Parliament’s original report, led by CBAM Rapporteur and French Green MEP Yannick Jadot, states “no climate policy can be labelled ambitious unless it abolishes the free allowances hobbling the carbon market”. But after lobbying from industry, the center-right European People’s Party led an effort to remove all language on phasing out free allowances. The successful amendment represents a clear victory for industry groups who are hesitant to rely on “untested” methods to prevent carbon leakage and argue keeping free allowances in place is necessary for business certainty. But keeping both measures is a red flag for climate NGOs and think tanks, who are already concerned CBAMs are taking too much attention away from the need for industry decarbonization. Retaining both free allowances and adopting a CBAM also risks clashes at the WTO since “double protection” for EU industry violates trade rules.
The vote on the nonbinding report is a way for the European Parliament to influence the Commission on the design of the CBAM before the proposal is released in June. So far, both institutions have signaled support for a CBAM mandating importers to purchase allowances for the EU’s ETS from a separate reserve at the same price. But the question of free allowances for industry exposes a rift among lawmakers, making some wonder if the CBAM is worth all the trouble, especially given the administrative challenges and worries about WTO-compatibility.
Given Biden’s history of support for US manufacturers and labor unions, it’s hard to imagine the US looking the other way if it feels that Europe’s flagship external climate policy unfairly disadvantages American producers. Indeed, after his trip Kerry immediately expressed concern about the EU CBAM proposal, telling the Financial Times he thinks it should be “something that’s more of a last resort” and encouraging the EU to wait until after COP26 before moving forward. Biden is already feeling pressure from US unions to keep in place the Trump-era steel tariffs, even on allies, so it’s unclear where the US administration will land on the EU’s CBAM.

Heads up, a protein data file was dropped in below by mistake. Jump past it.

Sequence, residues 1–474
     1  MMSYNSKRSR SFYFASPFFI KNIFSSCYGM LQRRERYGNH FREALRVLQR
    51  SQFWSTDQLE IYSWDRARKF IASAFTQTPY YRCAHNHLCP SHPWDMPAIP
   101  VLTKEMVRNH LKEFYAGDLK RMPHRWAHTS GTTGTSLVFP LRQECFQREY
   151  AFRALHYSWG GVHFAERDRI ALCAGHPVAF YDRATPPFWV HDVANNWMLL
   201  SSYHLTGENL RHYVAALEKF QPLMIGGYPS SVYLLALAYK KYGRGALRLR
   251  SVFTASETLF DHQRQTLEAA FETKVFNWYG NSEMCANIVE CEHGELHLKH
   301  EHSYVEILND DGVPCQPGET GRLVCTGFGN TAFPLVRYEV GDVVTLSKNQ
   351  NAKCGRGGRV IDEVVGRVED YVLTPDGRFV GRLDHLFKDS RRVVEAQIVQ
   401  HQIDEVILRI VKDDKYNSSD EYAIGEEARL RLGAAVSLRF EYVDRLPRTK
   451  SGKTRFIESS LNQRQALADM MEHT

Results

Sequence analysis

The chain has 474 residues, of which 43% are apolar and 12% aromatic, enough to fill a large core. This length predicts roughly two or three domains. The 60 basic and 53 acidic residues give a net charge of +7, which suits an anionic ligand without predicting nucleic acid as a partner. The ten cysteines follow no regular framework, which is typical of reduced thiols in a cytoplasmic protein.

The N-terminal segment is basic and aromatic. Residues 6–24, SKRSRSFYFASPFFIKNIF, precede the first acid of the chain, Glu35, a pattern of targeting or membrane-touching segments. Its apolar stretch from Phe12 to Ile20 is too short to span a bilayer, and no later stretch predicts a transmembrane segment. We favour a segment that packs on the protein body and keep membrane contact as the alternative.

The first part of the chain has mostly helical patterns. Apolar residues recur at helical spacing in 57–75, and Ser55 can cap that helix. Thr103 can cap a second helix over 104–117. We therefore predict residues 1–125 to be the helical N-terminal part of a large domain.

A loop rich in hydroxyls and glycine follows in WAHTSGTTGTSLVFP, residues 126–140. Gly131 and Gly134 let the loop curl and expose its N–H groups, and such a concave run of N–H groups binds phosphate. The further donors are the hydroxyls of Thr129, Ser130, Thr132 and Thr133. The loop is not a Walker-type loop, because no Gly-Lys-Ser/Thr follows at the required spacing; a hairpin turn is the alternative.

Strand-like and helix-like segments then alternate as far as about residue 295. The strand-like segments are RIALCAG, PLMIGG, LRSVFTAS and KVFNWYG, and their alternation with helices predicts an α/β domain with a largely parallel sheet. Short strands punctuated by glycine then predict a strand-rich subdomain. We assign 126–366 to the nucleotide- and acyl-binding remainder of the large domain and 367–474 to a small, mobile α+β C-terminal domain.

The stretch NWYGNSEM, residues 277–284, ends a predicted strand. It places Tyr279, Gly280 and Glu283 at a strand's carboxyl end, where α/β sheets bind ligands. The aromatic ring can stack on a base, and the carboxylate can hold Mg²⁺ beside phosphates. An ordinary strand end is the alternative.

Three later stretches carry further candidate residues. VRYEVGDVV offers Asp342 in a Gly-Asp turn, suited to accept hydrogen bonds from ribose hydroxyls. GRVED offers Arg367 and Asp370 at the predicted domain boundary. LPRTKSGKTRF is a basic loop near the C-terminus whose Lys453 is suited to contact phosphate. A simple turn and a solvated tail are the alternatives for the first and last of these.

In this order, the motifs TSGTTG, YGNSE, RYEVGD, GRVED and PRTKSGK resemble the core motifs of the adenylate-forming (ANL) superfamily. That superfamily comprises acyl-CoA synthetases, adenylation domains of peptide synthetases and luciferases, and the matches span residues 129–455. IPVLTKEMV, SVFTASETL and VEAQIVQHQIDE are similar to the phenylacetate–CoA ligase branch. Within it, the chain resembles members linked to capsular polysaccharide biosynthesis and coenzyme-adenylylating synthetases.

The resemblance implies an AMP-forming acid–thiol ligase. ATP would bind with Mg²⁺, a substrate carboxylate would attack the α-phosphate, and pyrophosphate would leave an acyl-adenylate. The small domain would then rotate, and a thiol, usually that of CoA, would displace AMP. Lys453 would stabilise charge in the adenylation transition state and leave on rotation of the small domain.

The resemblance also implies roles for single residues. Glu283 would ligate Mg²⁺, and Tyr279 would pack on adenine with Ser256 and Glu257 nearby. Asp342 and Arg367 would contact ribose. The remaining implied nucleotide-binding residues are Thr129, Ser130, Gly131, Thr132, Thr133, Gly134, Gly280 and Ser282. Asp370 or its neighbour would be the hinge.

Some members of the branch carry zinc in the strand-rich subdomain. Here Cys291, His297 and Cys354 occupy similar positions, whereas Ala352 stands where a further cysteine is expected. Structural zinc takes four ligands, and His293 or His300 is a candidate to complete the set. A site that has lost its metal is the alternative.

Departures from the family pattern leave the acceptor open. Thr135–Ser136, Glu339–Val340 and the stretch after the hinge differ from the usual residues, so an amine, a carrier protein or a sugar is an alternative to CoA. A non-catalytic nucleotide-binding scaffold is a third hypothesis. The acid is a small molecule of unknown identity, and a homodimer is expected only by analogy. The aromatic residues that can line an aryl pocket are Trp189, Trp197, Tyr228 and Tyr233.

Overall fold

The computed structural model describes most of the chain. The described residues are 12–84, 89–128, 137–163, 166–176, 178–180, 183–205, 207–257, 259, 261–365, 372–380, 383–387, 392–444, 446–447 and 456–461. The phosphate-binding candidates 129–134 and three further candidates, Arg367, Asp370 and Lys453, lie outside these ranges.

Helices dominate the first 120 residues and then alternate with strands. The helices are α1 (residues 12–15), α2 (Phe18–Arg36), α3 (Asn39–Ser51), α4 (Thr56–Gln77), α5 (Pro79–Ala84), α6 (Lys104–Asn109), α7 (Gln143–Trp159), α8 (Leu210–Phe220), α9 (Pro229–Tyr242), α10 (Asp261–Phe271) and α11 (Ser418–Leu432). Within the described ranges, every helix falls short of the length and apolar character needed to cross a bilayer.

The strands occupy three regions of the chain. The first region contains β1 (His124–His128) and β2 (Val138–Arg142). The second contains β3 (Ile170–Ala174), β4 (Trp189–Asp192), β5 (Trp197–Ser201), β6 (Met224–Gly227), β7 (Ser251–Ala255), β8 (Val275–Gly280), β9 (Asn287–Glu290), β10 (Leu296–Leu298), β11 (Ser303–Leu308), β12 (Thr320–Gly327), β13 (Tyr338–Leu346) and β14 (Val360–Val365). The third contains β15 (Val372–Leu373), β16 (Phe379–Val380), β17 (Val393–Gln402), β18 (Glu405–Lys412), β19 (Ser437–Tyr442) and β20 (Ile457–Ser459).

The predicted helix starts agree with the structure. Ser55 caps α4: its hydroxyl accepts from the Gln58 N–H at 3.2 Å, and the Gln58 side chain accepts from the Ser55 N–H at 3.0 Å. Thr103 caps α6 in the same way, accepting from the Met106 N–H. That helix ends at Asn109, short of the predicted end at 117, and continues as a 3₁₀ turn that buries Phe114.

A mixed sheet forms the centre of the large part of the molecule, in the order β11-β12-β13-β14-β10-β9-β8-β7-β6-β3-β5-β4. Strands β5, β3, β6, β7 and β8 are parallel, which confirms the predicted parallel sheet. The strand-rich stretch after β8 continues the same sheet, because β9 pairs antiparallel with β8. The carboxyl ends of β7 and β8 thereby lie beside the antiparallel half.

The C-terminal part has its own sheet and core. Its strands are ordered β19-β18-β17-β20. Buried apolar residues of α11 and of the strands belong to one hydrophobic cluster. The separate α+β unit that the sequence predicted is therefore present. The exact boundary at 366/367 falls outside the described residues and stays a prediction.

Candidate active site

Cities, States, and NGOs
While Kerry’s trip marks the return of transatlantic climate cooperation at the highest of government, the new US administration is not starting from scratch but rather
building on the work that took place despite the Trump administration’s obstruction. The EU worked closely with the US Climate Alliance, a bipartisan group of state governors, as well as other state and local groups such as America’s Pledge and We Are Still In [The Paris Agreement]. When it comes to the CBAM, EU policymakers might be able to learn some lessons from California’s scheme, the only operational CBAM covering electricity.
Civil society is stepping up its work too. Sven Harmeling, international climate policy coordinator at Climate Action Network Europe (CAN), told Energy Transitions “Having the US back in international climate diplomacy under President Biden now offers the opportunity for EU and US to drive climate action forward.” Rowan Emslie, director of communications, Europe for Clean Air Task Force, said that his organization, which is new to Europe, has “received an incredibly warm welcome from its European peers… We can learn a lot from each other. The US needs to focus more on implementation and shaping effective policies … while more could be done in the EU to embrace technology optionality and innovation”. Youth groups are looking across the Atlantic as well: Linus Dolder of Fridays for Future Germany says FFF is planning joint action with US groups for Biden’s Climate Summit on April 22nd.
The US and European delegations won’t have agreed about every climate issue last week. The US side will have watched the EU’s CBAM debate closely. The EU side will have wanted some hard numbers on the US’s emission-reducing ambition, expecting something in the range of the EU’s 55% cut. An EU diplomat told Reuters , “If [the US target] doesn’t start with a 5, we don’t consider that good.” But the important thing is that both sides are talking, telling each other they take the climate crisis seriously. That, at least, is progress.